Activists including those associated with CAMRA's Pubs Heritage group have had some success in this area, including upgrading the existing listed status of some pubs to include interiors of rare national importance. But that still leaves literally thousands of pubs with little or no protection from inappropriate development. Pubs which if they haven't already had the guts ripped out of them as part of someone's crass idea of modernisation, are certainly at risk of this kind of vandalism in the future.

In common with most of the larger brewers and pub owning companies (and some of the smaller ones it must be said!), Greene King of Bury St Edmunds have a very mixed track record with regard to the management of their pub estate. Closures such as the New White Bull at Giltbrook in Nottinghamshire have incurred the wrath of locals and campaigners alike, and the recent furore over the removal of historic pub signs throughout the Greene King estate, and the corporate branded alternatives chosen to replace them, give a good indication of just how little regard the management and bean-counters of company's like this have for heritage and tradition. Greene King, in common with most other pub companies of this size, are now moving away from traditional tenanted pubs, preferring the bland uniformity of managed and branded dining and family venues. These new-build pseudo-pubs and off-the-peg refurbishments leave little room for the kind of individuality and character that make pubs at their best such wonderful places to spend time in. But thankfully, in amongst the branded blandness, a good few traditional gems remain, but for how long!

Greene King have a very large pub estate now, largely the result of brewery acquisitions over the last few decades. Amongst this widely spread estate are the tied pubs of Hardys & Hansons, a Nottinghamshire brewery which was acquired and summarily closed by Greene King in 2006. The former Hardys & Hansons estate includes many community locals dating from the early 20th century and post-war years. Certainly most of the 'Kimberley' pubs I remember drinking in at the time were basic, unfussy urban boozers, not at all like the flagship Test Match Hotel in the affluent Nottingham suburb of West Bridgeford, which is featured here.

The Grade II* listed Test Match really is one of those 'must-visit' pubs. Extensively refurbished to a very high standard in 2001, everywhere you look there are beautiful Art Deco features, original artworks, and quality fixtures and fittings. The pub features several distinctly different rooms, including an upstairs cocktail bar, tea-room, lounge, and a relatively small public bar which doubles as the games room with Darts and Pool Table (above & below). The listed status of the Test Match has clearly played a key part in its survival as one of the most opulently furnished pubs in the Midlands. It's a successful pub too, and maybe a pointer to the those that should know better that it's well-maintained heritage like this that helps make pubs unique and special social places, and not merely bland corporate retail units for food and drink.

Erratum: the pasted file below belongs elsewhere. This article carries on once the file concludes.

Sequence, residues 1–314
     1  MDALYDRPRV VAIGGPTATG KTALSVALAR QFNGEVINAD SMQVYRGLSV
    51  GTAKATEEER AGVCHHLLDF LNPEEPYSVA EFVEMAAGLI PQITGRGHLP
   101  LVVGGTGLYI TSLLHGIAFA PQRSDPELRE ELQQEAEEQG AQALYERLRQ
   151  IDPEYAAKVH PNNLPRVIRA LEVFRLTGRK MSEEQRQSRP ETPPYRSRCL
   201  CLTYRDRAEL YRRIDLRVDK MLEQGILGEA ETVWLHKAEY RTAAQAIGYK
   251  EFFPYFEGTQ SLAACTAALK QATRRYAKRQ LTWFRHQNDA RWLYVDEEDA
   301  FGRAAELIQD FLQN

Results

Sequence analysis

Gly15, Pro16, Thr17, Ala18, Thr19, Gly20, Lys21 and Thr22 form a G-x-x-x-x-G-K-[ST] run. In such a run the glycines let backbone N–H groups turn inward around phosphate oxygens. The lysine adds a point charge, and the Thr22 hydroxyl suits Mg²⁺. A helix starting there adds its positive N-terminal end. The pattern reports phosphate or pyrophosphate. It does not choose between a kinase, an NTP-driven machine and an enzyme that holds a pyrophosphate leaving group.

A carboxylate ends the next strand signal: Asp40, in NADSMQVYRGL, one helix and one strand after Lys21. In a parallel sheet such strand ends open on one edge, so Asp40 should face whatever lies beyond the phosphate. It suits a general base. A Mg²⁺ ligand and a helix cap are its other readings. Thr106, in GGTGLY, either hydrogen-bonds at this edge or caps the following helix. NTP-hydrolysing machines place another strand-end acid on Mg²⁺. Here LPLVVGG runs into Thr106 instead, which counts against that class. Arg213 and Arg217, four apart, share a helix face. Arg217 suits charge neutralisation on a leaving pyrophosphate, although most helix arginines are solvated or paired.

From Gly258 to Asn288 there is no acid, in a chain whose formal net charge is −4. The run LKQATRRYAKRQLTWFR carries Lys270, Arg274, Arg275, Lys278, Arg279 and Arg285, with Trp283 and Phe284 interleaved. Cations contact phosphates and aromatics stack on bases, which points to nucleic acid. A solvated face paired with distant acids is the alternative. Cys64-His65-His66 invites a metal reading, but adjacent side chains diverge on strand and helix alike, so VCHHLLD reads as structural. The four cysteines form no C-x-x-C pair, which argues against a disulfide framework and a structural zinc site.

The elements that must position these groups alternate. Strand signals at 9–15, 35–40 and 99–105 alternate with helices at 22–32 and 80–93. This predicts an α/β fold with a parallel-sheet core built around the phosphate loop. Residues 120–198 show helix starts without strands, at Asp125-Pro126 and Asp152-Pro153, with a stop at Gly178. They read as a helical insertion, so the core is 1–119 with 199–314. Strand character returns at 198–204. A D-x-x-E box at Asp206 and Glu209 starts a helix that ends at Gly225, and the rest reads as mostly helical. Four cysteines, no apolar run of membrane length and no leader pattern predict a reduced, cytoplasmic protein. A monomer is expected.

A humbler, yet no less important pub survivor is the Gladstone Arms (left), a classic two-room Victorian terrace locals pub located on a backstreet of the busy Mansfield Road, to the north of the city centre. Busy and bustling on a Friday night when I visited, it's location off the beaten track has probably saved the Gladstone from the usual fate of relatively small, multi-room pubs like this, many of which have been knocked through to create one large room managed from a central servery. Retaining two rooms as it does means that the pub can offer different environments for differing tastes. The left-hand lounge is cosy and comfortable, a great place for a read or a chat during quieter opening hours. The bar is slightly more basic, a place where beer and conversation flow freely, and of course it features the pub's Darts Board. Thursday nights are Quiz Nights, and a slightly neglected Domino set and Crib Board are available from behind the bar if like me you like a rattle on a Sunday afternoon.

Out in the sticks, and even in villages of a reasonable size, pubs and the licensees who run them usually have to adapt to survive. The traditional local trade which has served them well for generations is now rarely enough for a village pub to survive, and small wet-led pubs with a limited trading area can be a real struggle to make work. This is why so many rural and village pubs have been so extensively knocked about and expanded in recent years, the attractive and often historic exterior concealing a single large space with few clues as to where the walls would have been, the separate rooms located.

The Royal Oak at East Bridgford has certainly seen some alterations in recent years, but with more success than most I'd have to say. Though essentially one large room, the public bar/games area still retains much of its former identity, and although the pub clearly relies heavily on its food trade, the Royal Oak still happily accommodates the needs of its loyal locals, with all the pub game staples of Darts, Pool, and Dominoes played, the latter evidenced by the large number of trophies about the place.

But perhaps best of all, and to the great credit of the current licensees, is the retention of the pubs traditional Skittle Alley, an increasingly rare feature of pubs in this area, and one which could all too easily have been lost during the refurbishments.